Unquestionably one of the most stunning and majestic mountain ranges in the world is the Indian Himalaya. As soon as one begins a trip through this massive mountain range, they come across a number of towns, historic temples, and secluded monasteries. The bucolic way of life of the common people transports the visitor to a different era and location. Finding oneself among snow-capped peaks, glaciers, slopes covered with pine trees, rivers, and beautiful meadows full of wild flowers is an exhilarating experience that cannot be compared. Here are some points about Markha Valley Trek –
The Lahaul, Spiti, Kullu, and Kangra valleys in Himachal Pradesh, north of Rishikesh, Darjeeling in West Bengal, Yuksam in Sikkim, and Leh and Ladakh in the Kashmir valley are the main locations for snow trekking in India.
One of the most well-known treks is across the Markha Valley in Ladakh. Ladakh, which lies in the northwest of India and encircled by the Himalayas, is a wonderfully inspiring location for hikers. Ladakh, a beautiful region, takes you past colourful people and cultures, lush farms, towns, and monasteries.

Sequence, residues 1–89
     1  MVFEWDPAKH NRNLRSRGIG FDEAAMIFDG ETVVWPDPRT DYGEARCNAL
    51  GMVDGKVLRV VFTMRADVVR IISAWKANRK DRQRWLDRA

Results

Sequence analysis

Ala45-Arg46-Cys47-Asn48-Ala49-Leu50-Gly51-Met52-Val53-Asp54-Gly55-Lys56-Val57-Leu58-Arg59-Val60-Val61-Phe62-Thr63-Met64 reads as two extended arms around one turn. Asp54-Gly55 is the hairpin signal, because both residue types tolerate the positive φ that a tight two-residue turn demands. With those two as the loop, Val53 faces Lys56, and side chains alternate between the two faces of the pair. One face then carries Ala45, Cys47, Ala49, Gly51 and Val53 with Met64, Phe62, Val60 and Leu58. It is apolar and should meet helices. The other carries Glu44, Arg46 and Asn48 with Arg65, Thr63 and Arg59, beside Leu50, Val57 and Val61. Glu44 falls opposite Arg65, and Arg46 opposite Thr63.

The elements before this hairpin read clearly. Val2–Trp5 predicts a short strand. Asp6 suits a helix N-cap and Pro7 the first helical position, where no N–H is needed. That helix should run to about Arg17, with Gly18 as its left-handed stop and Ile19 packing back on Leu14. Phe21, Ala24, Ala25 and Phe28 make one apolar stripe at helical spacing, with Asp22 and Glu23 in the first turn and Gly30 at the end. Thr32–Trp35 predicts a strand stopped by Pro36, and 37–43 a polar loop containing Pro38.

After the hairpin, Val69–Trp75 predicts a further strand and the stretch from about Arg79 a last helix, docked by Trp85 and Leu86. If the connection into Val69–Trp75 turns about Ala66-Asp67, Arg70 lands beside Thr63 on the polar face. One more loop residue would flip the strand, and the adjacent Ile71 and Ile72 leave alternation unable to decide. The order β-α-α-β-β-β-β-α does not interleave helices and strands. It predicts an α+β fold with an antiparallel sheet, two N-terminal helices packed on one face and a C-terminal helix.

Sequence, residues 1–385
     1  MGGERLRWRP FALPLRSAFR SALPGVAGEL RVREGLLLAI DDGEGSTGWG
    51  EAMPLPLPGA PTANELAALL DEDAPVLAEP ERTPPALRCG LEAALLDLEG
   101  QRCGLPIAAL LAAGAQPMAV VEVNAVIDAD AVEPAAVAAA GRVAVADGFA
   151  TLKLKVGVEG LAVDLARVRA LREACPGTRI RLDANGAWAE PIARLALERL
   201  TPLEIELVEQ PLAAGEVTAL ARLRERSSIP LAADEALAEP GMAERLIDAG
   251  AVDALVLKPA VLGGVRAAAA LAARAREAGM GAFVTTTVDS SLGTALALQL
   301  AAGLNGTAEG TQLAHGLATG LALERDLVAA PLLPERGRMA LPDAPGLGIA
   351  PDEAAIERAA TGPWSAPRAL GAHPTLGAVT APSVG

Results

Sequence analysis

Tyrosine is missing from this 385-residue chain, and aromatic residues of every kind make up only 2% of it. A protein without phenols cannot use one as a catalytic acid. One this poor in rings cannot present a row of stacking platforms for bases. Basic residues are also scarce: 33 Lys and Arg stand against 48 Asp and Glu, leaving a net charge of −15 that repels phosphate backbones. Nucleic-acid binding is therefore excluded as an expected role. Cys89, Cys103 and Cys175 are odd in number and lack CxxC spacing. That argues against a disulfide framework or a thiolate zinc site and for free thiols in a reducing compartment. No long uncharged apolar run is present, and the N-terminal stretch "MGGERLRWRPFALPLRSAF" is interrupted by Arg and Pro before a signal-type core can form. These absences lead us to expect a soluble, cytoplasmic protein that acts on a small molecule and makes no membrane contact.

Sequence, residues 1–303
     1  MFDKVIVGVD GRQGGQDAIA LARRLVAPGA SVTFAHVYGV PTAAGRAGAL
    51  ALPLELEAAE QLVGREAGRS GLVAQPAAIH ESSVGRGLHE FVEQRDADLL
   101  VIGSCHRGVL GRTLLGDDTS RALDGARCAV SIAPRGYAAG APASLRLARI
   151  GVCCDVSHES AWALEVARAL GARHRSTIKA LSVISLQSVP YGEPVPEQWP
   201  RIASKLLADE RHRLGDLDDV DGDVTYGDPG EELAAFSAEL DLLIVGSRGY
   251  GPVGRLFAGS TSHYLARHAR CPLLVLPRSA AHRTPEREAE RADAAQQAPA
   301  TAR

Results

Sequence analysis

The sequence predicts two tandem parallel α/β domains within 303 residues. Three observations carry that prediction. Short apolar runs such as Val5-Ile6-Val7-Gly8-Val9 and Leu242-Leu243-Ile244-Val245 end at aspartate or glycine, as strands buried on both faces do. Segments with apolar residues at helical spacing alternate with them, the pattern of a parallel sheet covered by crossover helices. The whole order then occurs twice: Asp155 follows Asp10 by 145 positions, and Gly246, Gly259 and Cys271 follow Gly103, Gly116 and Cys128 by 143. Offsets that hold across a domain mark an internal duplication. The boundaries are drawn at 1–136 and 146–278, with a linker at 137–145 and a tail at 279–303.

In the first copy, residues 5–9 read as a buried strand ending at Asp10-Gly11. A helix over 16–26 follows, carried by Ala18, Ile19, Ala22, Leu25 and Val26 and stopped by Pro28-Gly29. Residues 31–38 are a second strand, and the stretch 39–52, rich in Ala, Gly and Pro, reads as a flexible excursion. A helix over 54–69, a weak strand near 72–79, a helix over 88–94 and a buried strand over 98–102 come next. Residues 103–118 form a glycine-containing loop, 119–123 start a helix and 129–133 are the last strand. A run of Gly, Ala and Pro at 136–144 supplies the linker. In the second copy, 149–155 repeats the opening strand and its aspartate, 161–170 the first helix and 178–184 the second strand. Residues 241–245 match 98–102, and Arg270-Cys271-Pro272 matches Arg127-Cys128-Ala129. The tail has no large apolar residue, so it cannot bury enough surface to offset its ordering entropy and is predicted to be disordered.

This challenging hike ascends gradually along a riverbank route as it meanders through a lovely valley. The Nimaling Plain, home to the snow leopard, mountain wolves, and majestic Iammergeier – the ancient Eurasian birds of prey, has the highest camping area at 4,700 metres.
In Uttarakhand, Roopkund is a popular snow trek. It is a blessing that the majority of the Indian Himalayas are located in Uttarakhand. Without a doubt, it is a trekker’s heaven with its huge expanses of pristine forest. There are several snow-covered peaks exceeding 6,500 metres in height in the state’s Kumaon and Garhwal areas. The Roopkund walk is one of the most well-liked hikes in the Garhwal area. A lake in Roopkund, which is located at a height of 5,029 metres, has been shrouded in mystery for years. The region, which sits under the shadow of the Trishul mountain and is referred to as the “mystery lake,” is full with odd legends.